Arthur Conan Doyle: The Hound of the Baskervilles … and Dartmoor

“Yes, the setting is a worthy one. If the devil did desire to have a hand in the affairs of men ––”

 

“I have been in Devonshire.” “In spirit?” “Exactly … After you left I sent down to Stamford’s for the Ordnance map of this portion of the moor, and my spirit has hovered over it all day. I flatter myself that I could find my way about.”
Arthur Conan Doyle: The Hound of the Baskervilles

(Note: Review of my favorite screen adaptation starring Jeremy Brett HERE.)

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Having loved Arthur Conan Doyle’s Hound of the Baskervilles longer than I can remember (kooky “penny dreadful” style screen adaptations notwithstanding), I of course insisted on a visit to Dartmoor when we visited Devon and Cornwall a few years ago.  And oddly, during a vacation otherwise set to the tune of bright blue skies and Mediterranean temperatures, the weather cooperated even on the day when we set off to the moor … by regaling us, on precisely that day only, with the suitable atmosphere composed of increasingly dark skies, culminating in torrential rain fall and a veritable storm!  So, here’s some of what I imagine Holmes and Watson (and the residents of Baskerville Hall, Merripit House etc.) would have seen and experienced:

OK, so it’s a village church and not a manor house, but pretty much every major historical building in Dartmoor seems to be made of this sort of stone, and built in this or a similar style.  So just imagine the belflry isn’t a belfry but just another wing (with a roof on the same level as the other parts of the building), and you have a pretty good impression of what Baskerville Hall would presumably have looked like.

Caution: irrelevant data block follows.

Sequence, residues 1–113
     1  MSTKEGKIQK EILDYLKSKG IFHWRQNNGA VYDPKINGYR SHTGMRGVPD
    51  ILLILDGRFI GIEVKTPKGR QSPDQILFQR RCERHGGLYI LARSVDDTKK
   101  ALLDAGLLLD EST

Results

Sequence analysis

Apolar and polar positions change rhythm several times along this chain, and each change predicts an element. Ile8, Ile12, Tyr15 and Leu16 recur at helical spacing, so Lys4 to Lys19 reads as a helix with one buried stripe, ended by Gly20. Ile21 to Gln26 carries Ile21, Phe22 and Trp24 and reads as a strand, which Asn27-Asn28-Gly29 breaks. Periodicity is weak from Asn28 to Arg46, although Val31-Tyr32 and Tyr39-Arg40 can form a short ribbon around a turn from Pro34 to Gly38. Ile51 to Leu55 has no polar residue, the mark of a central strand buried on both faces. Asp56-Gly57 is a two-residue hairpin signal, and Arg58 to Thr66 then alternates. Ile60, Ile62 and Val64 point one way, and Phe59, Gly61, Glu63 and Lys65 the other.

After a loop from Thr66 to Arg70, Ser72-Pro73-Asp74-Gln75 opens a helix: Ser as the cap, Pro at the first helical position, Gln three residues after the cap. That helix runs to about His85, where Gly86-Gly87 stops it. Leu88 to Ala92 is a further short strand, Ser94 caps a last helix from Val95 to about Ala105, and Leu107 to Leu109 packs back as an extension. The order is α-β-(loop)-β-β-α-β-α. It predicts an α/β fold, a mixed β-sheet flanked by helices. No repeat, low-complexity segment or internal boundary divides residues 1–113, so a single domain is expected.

“Mind you call it Baskerville Arms …”

(Sir Henry’s response to Barrymore’s giving notice and explaining that he and his wife intend to “set up in business” in a small way.  The above quote is not actually in the novel – I’m borrowing a minor addition from my favorite screen adaptation starring Jeremy Brett here.)

Princetown prison – the infamous Dartmoor penitentiary, from which Mrs. Barrymore’s brother has escaped in Conan Doyle’s story.

Background on the prison and the nearby quarry, where convicts were made to work

Dartmoor ponies

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Addendum:
A few years later during a visit to Norfolk, I also passed by Cromer Hall near Norwich — the building that actually did inspire Conan Doyle’s Baskerville Hall (and again, the weather cooperated in providing the requisite atmosphere):

 

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